Old 06-09-2017, 08:46 PM   #1
LefIllegal
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Default Interesting Compression Results, Why?

I decided to build a multiband comp using reaper plug ins. I built two variations. The first is a 3band comp, the other is a 5band comp. Whats interesting is, both have the same exact settings(default), yet when i run audio through the 5band comp, i get appox. .8db-1.1db in gain reduction from out of nowhere with no additonal processing or adjustments. Also there is no perceptable loss in volume, only in the meters readout can this .8db reduction be spotted. I consider this a good thing. Could anyone explain why this is happening and whether it is actually good or not?
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Old 06-09-2017, 08:57 PM   #2
Lokasenna
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My first guess is that your crossovers aren't perfect and are either producing some weird aliasing, or just plain losing a tiny bit of content in those areas.
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Old 06-09-2017, 09:09 PM   #3
LefIllegal
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Lokasenna, thanks for the reply, anyways im not complaining i just found it interesting. Im going to go with your crossover theory as it seems the most appropriate explanation for now. As i said the difference is not audible(at least on my set up), i would consider this reduction a good thing. Until i run into a problem or told to do otherwise, i guess ill run audio thru the 5band.
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Old 06-10-2017, 10:12 AM   #4
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Most filters introduce frequency-dependent phase shifts. The phase-shift by itself isn't a problem. But if you make a high-pass and a low-pass filter and then you re-combine (sum) the two outputs, you don't get the original signal back.

For example - A speaker crossover usually introduces a phase-lag for the woofer (more lag at higher frequencies) and a phase-lead for the tweeter (more at lower frequencies).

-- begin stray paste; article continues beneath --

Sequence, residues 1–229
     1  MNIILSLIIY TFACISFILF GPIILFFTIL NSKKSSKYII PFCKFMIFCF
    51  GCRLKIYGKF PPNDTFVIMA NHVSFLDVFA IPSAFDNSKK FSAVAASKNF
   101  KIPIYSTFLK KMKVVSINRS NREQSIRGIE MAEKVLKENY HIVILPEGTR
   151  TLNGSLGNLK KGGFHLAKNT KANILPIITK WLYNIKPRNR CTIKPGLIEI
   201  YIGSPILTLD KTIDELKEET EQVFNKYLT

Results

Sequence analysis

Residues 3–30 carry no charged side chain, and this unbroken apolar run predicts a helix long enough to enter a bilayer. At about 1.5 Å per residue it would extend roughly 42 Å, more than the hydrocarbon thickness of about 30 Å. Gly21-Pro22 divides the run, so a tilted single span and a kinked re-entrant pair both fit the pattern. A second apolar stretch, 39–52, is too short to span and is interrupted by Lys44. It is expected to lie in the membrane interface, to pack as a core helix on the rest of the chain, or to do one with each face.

...If (at the crossover frequency) you have a -90 degree lag for the woofer and a +90 degree lead for the tweeter, the two drivers are 180 degrees out-of-phase at the crossover point and you get some cancellation of the sound waves and a dip in frequency response. So, it's common practice to reverse the tweeter connection in a 2-way speaker or reverse the midrange connection in a 3-way speaker.
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Old 06-11-2017, 01:43 AM   #5
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this isn't so much about cross-overs as it is about minimum phase filters in general.
since summing/joining happens after the compressors, the extra gain reduction is not from the summing of the split bands, but from the splitting of the bands.
(as a note, the JS splitter/joiners sum to the original perfectly, if that's what you are using...)
if you were to use a linear phase splitter, you would not have the issue of level change due to phase shift.
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Old 06-11-2017, 02:37 AM   #6
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Copy the audio to a new track - without any plugins on that track. Flip the polarity (with the phase switch) - hit play - and you'll hear how the multiband set-up is changing phase relationships at crossover points.
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